A thief and a liar at 14, Bobby is furious with his mother for moving the family to the sticks to get him away from the trouble he's been up to in Dublin. Taken on by an older gang for his youth and speed, Bobby wants the excitement of drugs, booze and the burning of stolen cars that gave his life thrills. The country is boring. He is initially skeptical of his younger brother's accounts of the "little woman" who drinks the milk in the nighttime, but spooky details of the history of their little cottage gradually turn Bobby into a detective of night creatures real and imagined. The ancient ring forts, neighbors' tales of murder and the way rural communities don't let you escape consequences slowly swirl into an intricate narrative pattern. Bobby's first-person narration never shortchanges his wrongdoing or the family pattern of irresponsibility. In the work required by the landlord after he wrecks a stolen car, Bobby slowly begins to find his salvation. True to an astonishingly amoral worldview while equally revealing of Bobby's compassion, this novel scintillates. (Fiction. YA)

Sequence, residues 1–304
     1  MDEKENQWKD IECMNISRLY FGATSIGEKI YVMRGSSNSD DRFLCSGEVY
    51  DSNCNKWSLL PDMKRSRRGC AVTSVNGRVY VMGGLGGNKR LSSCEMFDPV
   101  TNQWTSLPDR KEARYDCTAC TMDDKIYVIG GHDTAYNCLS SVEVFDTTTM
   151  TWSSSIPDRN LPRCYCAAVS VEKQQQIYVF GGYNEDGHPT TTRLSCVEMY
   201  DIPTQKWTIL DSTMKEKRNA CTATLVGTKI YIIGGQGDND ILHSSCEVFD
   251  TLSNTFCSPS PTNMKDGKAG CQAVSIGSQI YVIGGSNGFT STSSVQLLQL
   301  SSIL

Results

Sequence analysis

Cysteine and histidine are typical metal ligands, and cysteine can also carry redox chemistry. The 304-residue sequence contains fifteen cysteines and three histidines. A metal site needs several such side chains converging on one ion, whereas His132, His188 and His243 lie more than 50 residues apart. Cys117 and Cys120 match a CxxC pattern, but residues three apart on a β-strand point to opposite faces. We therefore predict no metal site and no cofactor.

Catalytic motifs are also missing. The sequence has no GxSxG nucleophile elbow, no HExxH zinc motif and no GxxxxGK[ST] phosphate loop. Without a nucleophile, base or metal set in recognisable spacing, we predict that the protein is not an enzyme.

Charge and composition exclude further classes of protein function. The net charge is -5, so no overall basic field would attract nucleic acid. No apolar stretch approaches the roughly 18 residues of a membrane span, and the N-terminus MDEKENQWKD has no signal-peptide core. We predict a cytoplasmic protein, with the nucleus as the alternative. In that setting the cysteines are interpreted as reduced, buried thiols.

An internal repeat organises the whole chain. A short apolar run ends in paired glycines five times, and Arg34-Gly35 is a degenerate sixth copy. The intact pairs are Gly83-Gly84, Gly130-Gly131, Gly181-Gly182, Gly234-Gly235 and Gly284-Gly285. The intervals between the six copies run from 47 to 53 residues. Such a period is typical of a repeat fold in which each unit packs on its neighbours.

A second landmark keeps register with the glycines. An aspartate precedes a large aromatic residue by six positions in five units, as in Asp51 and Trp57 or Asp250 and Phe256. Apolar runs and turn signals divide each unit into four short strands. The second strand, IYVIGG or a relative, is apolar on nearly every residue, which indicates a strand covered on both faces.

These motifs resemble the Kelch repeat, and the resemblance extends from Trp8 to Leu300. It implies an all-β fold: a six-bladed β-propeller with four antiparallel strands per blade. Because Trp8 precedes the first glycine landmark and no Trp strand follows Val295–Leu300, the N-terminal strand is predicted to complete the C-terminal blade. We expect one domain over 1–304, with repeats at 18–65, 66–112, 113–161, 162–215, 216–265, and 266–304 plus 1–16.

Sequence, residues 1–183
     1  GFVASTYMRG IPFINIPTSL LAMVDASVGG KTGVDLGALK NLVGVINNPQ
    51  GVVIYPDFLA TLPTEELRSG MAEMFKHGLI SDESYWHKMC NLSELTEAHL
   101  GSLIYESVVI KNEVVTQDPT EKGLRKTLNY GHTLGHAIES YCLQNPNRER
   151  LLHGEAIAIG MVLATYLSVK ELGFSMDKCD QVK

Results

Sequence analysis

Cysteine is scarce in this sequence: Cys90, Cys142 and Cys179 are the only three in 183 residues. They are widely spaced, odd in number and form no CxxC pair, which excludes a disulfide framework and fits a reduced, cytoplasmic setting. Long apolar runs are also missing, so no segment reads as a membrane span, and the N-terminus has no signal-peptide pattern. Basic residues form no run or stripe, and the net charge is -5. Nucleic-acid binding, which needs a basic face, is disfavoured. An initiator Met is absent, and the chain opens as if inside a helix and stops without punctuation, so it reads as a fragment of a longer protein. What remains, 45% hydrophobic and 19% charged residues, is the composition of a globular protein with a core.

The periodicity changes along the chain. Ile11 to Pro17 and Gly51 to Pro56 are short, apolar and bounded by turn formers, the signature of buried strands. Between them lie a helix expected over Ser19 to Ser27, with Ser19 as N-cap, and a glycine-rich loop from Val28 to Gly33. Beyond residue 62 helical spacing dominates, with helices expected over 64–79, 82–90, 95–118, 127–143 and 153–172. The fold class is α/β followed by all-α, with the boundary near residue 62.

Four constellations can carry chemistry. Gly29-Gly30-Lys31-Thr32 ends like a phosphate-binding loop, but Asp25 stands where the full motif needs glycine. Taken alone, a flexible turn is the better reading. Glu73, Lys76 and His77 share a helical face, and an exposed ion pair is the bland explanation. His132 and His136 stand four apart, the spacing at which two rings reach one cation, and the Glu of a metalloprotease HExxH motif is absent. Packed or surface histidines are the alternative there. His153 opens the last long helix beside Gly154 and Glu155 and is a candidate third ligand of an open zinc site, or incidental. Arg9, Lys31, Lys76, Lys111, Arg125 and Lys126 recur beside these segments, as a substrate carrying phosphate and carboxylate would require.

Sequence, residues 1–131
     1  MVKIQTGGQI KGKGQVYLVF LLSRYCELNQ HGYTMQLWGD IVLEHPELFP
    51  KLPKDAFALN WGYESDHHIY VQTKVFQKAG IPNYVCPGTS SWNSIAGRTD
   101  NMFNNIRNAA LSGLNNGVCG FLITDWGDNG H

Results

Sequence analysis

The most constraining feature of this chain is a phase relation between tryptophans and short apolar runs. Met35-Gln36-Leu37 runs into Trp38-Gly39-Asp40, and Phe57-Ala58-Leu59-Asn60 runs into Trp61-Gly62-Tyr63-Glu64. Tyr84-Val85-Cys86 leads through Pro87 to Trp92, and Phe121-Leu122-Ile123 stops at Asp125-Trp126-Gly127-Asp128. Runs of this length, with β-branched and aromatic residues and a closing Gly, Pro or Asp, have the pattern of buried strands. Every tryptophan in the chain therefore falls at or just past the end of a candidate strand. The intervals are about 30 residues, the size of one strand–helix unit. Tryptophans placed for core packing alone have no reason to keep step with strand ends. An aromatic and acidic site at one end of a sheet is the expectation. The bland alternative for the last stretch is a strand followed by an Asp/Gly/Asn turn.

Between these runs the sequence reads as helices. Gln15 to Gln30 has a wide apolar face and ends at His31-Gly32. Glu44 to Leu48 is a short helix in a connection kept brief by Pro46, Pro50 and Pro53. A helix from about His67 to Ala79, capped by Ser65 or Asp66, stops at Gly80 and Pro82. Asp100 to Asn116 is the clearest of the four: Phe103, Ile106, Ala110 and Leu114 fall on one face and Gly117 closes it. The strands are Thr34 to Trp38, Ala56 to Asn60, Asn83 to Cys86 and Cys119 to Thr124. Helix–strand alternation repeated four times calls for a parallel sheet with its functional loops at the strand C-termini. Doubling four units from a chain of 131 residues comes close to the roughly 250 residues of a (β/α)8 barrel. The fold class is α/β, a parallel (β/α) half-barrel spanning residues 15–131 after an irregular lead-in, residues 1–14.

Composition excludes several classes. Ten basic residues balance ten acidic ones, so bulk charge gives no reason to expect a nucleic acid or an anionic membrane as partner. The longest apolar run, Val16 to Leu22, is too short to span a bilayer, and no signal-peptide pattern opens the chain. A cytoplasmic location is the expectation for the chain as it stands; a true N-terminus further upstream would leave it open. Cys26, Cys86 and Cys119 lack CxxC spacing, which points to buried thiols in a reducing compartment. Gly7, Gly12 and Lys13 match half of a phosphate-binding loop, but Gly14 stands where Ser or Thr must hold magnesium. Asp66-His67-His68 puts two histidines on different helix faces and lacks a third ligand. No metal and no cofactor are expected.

From the Publisher

“This novel will draw in reluctant readers with the mysterious supernatural elements as well as the mayhem and defiance. Once hooked, they will be moved by the way that Bobby reassesses his expectations for himself due to the kindness and mentoring of a neighbor.” —Starred, School Library Journal

“Irish author Thompson is well established as a master of supernatural stories, but she shines here in the realistic plot as well. ” —Bulletin of the Center for Children's Books

“True to an astonishingly amoral worldview while equally revealing of Bobby's compassion, this novel scintillates.” —Starred, Kirkus Reviews

“While . . . mysteries move the plot forward, Bobby is growing up. He comes to appreciate the rural life and country people, admiring their honesty and work ethic, even as the street life of gangs and crime loses its luster.” —Horn Book